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  • Luminous Road
  • Speer Morgan

Surrealism is often associated with an absurdist worldview and the gloomier aspects of the larger movement of existentialism. Yet André Breton’s defining 1924 Manifesto of Surrealism is playful and hopeful in tone about the power of the human mind and art. Breton uses the word “luminous” twice in the manifesto, first by imagining himself to be living in or visiting the “romantic ruins” of a castle on the outskirts of Paris, a place occupied and enjoyed by the artists, writers, and philosophers he feels blessed to know, who reach that castle by means of a “luminous road.” He recognizes that this is just a fantasy but asks rhetorically “why not” imagine that one might live in such a place. In the second passage he refers to the “luminous phenomenon” of how the mind works and how the spark between two ideas—the association of ideas—can lead to beauty and meaning. In Breton’s thinking and in the larger movement, surrealist ideas arose from new views about both the conscious and the unconscious aspects of the mind and its creative potential.

Elements of the surreal find their way into almost every phase of literature in the last century, including modernism, existentialism, Beat writing, and postmodernism. Recently I have noticed an upsurge of belief in the power of the unexpected and the unconscious and of somehow finding new realities through the larger engagement of the whole mind. The surrealist idea of taking elements out of their usual contexts and associations—whether they be persons or settings or objects—is a simplified and resilient model of the broad subject of creativity itself, whether in the arts or sciences. Surrealism believes in the power of the [End Page 5] unconscious or attendant mind and of finding new realities within the dream. Pocket watches don’t hang from trees or have liquid properties, yet such an image may be, in some unpredictable way, exactly what inspires a poet or a scientist toward an important new idea or solution.

Over the past century, the practical arts have made widespread use of surreal and expressionist methods. This issue’s Curio Cabinet, “Stage Pictures: Jo Mielziner and the Art of Set Design,” opens with a detailed note from Tennessee Williams regarding the set for his new play Cat on a Hot Tin Roof, to open on Broadway in 1955. Williams and Mielziner had previously worked together on A Glass Menagerie and A Streetcar Named Desire. Mielziner’s minimalist approach emphasized one or two key images within the play, which perfectly expressed Williams’s lyrical realism. Yet the playwright encouraged Mielziner to push the designs for Cat into the realm of the metaphysical, asking that Maggie and Brick’s bedroom be “roofed by sky” to suggest the mystery of the cosmos. Williams also provided the designer with detailed notes on the huge console—the combination radio, phonograph, and liquor cabinet—that dominates the room as an objective correlative for “all the comforts and illusions behind which we hide,” with the overarching cosmos as a powerful commentary on those illusions. Mielziner’s sketches from the archive at the New York Public Library of Performing Arts demonstrate his skillful interpretation of Williams’s requests. They also show an expressive talent that sustained a fifty-year career and helped transform set design from craft to art.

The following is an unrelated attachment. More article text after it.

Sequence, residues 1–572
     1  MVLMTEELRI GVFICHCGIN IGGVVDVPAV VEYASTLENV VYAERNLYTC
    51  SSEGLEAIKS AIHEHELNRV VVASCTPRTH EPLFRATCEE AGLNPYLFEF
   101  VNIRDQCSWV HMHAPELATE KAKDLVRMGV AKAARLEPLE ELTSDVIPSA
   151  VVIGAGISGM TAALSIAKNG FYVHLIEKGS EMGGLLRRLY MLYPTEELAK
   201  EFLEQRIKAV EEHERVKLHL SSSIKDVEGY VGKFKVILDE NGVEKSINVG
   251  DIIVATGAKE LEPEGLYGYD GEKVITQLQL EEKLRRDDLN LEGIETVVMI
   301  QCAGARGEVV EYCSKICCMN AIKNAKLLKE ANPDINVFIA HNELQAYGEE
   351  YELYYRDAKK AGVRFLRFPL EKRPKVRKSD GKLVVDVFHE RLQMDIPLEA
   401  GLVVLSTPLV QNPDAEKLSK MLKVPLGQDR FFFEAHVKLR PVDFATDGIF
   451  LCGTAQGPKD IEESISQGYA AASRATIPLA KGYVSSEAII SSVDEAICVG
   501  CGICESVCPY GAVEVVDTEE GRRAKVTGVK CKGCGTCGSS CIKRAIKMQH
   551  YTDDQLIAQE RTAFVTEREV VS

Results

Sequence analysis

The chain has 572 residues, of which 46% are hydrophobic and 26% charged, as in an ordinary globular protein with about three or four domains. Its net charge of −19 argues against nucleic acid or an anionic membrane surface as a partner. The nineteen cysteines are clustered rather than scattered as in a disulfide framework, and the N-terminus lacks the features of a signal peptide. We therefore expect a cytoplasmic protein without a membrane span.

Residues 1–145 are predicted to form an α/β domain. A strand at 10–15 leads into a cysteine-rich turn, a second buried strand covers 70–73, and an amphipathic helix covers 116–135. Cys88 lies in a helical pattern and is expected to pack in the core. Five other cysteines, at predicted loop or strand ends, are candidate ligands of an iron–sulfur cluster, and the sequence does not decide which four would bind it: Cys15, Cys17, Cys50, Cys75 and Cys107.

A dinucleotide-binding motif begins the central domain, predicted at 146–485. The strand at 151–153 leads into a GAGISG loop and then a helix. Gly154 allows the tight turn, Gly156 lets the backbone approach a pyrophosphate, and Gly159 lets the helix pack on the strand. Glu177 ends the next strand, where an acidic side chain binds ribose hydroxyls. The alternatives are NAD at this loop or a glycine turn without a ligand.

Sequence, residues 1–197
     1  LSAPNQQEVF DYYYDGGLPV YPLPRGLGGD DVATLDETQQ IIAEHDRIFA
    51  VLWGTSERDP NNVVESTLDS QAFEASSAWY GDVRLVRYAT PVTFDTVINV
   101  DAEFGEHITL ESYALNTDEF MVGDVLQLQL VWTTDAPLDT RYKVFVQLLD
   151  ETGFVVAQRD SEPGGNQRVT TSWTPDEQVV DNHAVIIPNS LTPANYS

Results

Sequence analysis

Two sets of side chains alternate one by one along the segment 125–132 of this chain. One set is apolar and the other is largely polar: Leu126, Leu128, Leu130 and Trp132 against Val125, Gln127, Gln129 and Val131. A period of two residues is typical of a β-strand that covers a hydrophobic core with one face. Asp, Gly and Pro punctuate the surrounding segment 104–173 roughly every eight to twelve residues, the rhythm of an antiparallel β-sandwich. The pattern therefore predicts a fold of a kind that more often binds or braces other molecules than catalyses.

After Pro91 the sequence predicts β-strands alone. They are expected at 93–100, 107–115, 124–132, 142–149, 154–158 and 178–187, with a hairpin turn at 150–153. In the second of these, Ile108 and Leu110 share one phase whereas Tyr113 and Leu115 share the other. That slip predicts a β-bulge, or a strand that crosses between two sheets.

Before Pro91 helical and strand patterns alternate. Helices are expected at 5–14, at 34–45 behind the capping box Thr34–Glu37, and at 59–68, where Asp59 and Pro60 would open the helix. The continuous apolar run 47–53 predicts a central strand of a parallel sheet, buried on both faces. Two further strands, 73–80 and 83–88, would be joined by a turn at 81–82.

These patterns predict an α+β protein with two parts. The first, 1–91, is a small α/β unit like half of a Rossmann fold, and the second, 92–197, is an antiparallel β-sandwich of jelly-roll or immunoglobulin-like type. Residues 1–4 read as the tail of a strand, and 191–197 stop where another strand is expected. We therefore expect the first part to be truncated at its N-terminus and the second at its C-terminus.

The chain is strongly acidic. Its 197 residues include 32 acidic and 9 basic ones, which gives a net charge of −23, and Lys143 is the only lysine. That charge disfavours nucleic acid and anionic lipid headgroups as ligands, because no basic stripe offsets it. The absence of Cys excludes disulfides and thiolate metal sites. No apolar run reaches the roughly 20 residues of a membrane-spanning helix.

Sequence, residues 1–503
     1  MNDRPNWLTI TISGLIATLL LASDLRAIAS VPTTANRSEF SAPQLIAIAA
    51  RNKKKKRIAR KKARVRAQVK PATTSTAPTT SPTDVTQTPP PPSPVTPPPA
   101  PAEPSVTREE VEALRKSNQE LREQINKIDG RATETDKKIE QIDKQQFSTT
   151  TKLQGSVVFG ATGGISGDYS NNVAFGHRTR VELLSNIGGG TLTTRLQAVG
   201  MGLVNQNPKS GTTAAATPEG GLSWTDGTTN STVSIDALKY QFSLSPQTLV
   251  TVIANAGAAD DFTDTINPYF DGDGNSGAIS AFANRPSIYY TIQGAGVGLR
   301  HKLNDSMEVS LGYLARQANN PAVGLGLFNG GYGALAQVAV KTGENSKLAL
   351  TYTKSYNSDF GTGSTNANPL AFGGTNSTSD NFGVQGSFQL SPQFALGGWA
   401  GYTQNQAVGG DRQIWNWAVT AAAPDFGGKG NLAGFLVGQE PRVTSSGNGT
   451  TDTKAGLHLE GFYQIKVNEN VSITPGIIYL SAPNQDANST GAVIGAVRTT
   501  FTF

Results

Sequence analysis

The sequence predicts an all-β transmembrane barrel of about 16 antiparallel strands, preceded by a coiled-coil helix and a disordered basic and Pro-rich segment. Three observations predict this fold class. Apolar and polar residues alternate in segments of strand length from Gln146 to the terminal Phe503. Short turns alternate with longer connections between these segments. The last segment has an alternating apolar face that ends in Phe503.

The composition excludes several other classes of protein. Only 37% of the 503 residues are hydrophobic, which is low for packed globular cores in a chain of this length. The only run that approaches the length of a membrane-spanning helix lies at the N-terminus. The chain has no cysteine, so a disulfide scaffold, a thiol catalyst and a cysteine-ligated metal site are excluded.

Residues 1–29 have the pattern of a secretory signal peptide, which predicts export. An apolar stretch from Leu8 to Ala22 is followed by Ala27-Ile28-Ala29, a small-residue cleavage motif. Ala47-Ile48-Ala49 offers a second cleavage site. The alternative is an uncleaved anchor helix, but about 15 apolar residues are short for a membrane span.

Cat Powell’s powerful story “Manifold Northeast Life and Trust” is about an isolated middle-aged widower working for a once thriving insurance company now in such decline that its multistory office building is scarcely occupied. In his isolation, he notices fantastical changes in his workplace. A pond appears in one of the offices, fish populate it, and then a forest starts to grow. He does less and less of his regular work and more and more tending of the forest and dismantling the offices to make room for it. Later, ghostly shades of dead former colleagues start to appear and populate the building, going about the business of work and interacting with each other. The narrator seems to have made the transition from the necessary labor of supporting self and family in the real world to tending a...


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pp. 5-9
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